Glance was born in Phenix City, Alabama, the son of Mr and Mrs Wheller Glance.[18] and was educated at Central High School in Phenix City. There he was mentored in track by his high school drivers’ education teacher, Joe Henderson, who had recognised Glance's special talent.

After high school, he earned a degree in Health & Human Performance at Auburn University.[11]

Glance always recognized his potential as a coach and volunteered to work as one in Arizona whilst still an athlete.[13] Always aware of the importance of public relations and civic responsibility, Glance was a regular visitor as a student to a veterans hospital and was selected as one of five student-athletes from the 1976 Olympics team to be invited to an NCAA Honors Luncheon with the President of the United States.[18] His coach, the well-renowned Mel Rosen, was proud to state "Harvey's what I call world-class – as an athlete and as a man."[18]

RankingsEdit

Glance was ranked among the best in the US and the world in both the 100 and 200 m sprint events over the incredible spread of 12 seasons from 1976 to 1987, according to the votes of the experts of Track and Field News.[19][20][21][22]

NotesEdit

  1. ^ Junior athletes are those athletes who are 18 or 19 years of age on December 31 of the year of competition.
  2. ^ Automatic timings only were official from January 1, 1977.

ReferencesEdit

  1. ^ Harvey Glance. IAAF
  2. ^ a b c d Harvey Glance. sportsreference.com, Harvey Glance
  3. ^ 1976 Year rankings by Time for 100 m. digilander.libero.it
  4. ^ Progression of IAAF World Records 2011 Edition, Editor Imre Matrahazi, IAAF Athletics, p 428.
  5. ^ a b R Hymans (2008) The History of the United States Olympic Trials – Track & Field. USA Track & Field
  6. ^ 1976 Montreal Olympic 100m final on YouTube
  7. ^ 1976 Montreal Olympic 4x100m final on YouTube
  8. ^ "US planning to leave Pan Am games in style", Galveston Daily News, July 16, 1979.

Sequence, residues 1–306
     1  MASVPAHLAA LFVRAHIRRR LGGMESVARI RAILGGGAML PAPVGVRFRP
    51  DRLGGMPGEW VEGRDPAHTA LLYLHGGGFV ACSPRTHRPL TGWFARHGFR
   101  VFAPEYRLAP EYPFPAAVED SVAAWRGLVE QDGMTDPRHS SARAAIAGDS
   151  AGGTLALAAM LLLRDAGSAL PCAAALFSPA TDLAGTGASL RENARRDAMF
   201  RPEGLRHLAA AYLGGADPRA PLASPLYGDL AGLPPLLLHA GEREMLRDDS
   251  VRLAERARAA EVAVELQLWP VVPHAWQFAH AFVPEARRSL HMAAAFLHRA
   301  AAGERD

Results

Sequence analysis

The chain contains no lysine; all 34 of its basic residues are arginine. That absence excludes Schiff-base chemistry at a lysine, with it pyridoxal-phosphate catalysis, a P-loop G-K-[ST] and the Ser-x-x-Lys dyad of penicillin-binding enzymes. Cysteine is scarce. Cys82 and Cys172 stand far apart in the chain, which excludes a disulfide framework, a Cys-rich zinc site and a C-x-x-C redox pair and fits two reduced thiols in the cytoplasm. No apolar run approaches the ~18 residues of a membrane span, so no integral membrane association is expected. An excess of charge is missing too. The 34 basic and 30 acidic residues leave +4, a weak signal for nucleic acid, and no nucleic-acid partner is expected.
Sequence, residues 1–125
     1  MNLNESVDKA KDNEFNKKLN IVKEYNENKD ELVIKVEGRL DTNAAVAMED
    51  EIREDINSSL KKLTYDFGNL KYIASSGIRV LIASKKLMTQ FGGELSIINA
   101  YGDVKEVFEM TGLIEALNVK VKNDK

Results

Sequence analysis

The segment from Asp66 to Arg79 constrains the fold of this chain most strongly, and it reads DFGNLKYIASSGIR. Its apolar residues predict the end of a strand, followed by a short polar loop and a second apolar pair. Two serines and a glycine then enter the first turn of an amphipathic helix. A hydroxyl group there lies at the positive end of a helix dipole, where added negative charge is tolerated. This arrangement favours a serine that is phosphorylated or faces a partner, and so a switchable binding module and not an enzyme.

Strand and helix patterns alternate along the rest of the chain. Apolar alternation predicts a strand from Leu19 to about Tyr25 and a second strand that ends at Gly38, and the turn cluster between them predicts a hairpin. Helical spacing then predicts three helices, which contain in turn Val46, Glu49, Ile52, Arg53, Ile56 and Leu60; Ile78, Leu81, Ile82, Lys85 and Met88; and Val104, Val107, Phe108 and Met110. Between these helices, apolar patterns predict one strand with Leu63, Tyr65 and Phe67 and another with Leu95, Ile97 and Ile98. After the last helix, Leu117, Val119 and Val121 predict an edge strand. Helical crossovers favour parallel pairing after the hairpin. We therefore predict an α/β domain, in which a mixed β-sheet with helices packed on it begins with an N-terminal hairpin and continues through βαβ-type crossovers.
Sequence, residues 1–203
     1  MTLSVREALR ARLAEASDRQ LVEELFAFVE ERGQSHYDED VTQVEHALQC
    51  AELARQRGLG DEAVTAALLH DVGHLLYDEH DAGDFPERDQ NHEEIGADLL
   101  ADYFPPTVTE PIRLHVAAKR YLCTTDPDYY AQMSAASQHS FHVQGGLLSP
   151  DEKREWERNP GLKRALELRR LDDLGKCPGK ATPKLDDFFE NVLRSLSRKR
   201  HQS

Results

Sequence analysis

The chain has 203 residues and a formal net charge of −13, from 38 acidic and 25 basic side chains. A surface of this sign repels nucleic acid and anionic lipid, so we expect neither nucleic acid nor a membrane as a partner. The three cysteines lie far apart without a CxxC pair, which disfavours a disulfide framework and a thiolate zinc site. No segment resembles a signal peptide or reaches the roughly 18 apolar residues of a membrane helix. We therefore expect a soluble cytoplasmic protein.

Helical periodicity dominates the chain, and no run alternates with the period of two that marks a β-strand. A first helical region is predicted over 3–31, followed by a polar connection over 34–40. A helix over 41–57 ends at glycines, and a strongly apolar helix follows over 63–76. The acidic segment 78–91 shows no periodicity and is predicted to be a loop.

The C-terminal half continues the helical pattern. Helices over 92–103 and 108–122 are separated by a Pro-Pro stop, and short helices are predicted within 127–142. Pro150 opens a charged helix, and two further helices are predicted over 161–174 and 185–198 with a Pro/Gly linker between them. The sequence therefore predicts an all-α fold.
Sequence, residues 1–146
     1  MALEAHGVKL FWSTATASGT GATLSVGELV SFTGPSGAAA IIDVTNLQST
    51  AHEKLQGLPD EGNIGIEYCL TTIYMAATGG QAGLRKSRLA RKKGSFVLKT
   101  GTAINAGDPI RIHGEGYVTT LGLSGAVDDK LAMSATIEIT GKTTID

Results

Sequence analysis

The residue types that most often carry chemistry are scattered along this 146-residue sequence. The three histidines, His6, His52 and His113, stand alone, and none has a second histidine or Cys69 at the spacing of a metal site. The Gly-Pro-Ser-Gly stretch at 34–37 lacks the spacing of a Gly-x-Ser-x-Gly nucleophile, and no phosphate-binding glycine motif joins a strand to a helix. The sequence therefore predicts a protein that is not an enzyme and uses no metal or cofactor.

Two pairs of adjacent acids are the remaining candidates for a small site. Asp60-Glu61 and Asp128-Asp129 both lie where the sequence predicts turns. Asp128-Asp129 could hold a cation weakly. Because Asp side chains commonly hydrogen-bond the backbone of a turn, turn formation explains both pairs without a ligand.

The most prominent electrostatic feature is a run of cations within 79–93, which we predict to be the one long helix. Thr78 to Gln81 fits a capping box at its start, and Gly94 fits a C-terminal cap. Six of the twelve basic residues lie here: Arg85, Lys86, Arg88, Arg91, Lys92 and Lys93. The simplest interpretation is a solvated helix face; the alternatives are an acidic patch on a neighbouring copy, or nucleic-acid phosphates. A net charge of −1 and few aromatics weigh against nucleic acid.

9. ^ Kenny Moore (September 3, 1979). Give The Girl A Great Big Hand. Sports Illustrated.
  10. ^ Tom Caroccioli; Jerry Caroccioli (May 2008). Boycott: Stolen Dreams of the 1980 Moscow Olympic Games. Highland Park, IL: New Chapter Press. pp. 243–253. ISBN 978-0942257403.
  11. ^ a b c d e f g h i j Harvey Glance. Alabama Sports Hall of Fame
  12. ^ "Harvey Glance". rolltide.com. Archived from the original on January 15, 2010. Retrieved March 2, 2012. University of Alabama Crimson Tide – Harvey Glance.
  13. ^ a b c Tony Tsoukalas (April 19, 2011) Coach crosses finish line. The Crimson White, Tuscaloosa Alabama.
  14. ^ "Head Coach Harvey Glance" (PDF). Alabama Men's Track. 2005. Archived from the original (PDF) on March 4, 2016. Retrieved March 2, 2012. Alabama Men's Track 2005
  15. ^ Four to be inducted into Drake Relays Hall of Fame. godrakebulldogs.com (February 24, 2011)
  16. ^ Gentry Estes (May 24, 2010) Veteran UA track coach Harvey Glance to resign after next season. Mobile Press-Register. Retrieved April 25, 2012.
  17. ^ Daniel Bases (August 8, 2012) "Athletics: Grenada's James misses mum's cooking", Reuters.
  18. ^ a b c Mel Pulliam (May 13, 1978) "Harvey Glance: the name means speed in track", Gadsden Times.
  19. ^ "World Rankings Index—Men's 100 meters" (PDF). Track and Field News. Archived from the original (PDF) on June 9, 2013. Retrieved March 1, 2012.
  20. ^ "U.S. Rankings Index—Men's 100 meters" (PDF). Track and Field News. Archived from the original (PDF) on June 9, 2013. Retrieved March 1, 2012.
  21. ^ "World Rankings Index—Men's 200 meters" (PDF). Track and Field News. Archived from the original (PDF) on September 14, 2011. Retrieved March 1, 2012.
  22. ^ "U.S. Rankings Index—Men's 200 meters" (PDF). Track and Field News. Archived from the original (PDF) on February 13, 2012. Retrieved March 1, 2012.

External linksEdit

Records
Preceded by
  Ronnie Ray Smith
Men's World Junior Record Holder, 100 metres
June 20, 1976 – July 30, 1978
Succeeded by
  Mel Lattany